Oil and gas companies are seeking new and innovative ways to further reduce costs while maintaining safety and efficiency.
Automated pipe handling systems are not new, but the size and the weight of the equipment is one area needing to be addressed; storing something heavy at the top of a rig can cause problems when the rig is moved. For that reason, a lightweight robotic arm is needed. Many of the solutions available today also require the rebuild of most of the wrecking ball, but companies are not willing to commit to that, as it requires a significant modification to the rig fleet.
RigArm’s technology encompasses the latest trends in adaptive autonomous control. Borrowing from the latest developments in self-driving cars, the company has developed a new software system for the arm that uses 3D laser scanning; this permits the robot to adapt to the changing environment and maintain reliable, fast and precise performance. The arm has LIDAR and ultrasonic sensors that scan the racking board so that all precision tasks of properly locating the pipe are carried out by an autonomous system, allowing for significant speed improvements.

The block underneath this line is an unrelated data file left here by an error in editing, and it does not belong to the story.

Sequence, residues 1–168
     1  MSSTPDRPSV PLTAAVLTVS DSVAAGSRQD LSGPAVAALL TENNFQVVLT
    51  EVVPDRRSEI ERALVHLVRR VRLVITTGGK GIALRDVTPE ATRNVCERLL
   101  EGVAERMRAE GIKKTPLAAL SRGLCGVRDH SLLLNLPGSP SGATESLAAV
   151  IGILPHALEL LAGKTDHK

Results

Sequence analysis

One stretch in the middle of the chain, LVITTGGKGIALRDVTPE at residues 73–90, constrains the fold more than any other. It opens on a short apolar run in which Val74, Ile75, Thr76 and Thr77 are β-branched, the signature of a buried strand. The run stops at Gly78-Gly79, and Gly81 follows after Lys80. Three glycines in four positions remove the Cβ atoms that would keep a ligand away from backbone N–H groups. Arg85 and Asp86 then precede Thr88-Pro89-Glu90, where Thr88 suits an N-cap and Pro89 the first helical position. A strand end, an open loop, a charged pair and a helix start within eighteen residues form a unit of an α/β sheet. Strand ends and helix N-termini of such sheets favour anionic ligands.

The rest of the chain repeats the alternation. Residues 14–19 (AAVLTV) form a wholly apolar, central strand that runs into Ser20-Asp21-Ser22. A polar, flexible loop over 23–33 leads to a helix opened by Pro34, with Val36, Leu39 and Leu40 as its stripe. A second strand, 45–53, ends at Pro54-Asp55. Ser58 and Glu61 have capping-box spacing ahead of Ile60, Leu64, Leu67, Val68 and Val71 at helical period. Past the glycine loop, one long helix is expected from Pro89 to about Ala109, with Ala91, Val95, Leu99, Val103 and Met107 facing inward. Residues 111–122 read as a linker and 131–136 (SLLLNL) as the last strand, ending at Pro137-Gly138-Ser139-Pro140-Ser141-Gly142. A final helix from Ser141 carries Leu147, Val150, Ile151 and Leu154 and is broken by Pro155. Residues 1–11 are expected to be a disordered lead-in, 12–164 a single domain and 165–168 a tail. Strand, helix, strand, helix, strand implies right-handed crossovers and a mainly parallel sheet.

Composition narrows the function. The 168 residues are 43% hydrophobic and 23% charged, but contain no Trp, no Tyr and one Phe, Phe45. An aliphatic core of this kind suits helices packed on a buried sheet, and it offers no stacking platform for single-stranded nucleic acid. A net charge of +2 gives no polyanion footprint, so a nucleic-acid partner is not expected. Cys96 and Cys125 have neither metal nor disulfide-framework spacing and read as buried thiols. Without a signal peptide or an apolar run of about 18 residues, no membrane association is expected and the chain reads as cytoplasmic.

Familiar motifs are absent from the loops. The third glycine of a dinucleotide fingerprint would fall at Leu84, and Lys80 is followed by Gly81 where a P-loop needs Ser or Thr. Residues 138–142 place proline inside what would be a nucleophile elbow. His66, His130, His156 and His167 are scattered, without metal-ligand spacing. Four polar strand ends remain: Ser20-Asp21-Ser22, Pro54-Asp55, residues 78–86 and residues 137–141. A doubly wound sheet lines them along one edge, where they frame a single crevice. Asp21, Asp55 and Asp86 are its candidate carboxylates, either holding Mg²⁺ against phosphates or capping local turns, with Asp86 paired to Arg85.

The robotic arm, which weighs less than 2,000 pounds, can be added on and easily removed; it is designed to remain on the racking board when the rig is moved. RigArm also has been able to bring the technology’s cost down by developing much of the core hardware and software technology in-house, Jorgic noted.
The oil price downturn has prompted massive layoffs, capital expenditure reductions and cutbacks in activity. But interest is still seen by companies in technologies that can help reduce production costs while maintaining efficiency and safety standards. In recent years, the oil and gas industry has been looking at new technologies or methods to enhance operations, such as taking advantage of Big Data and Internet of Things technologies.
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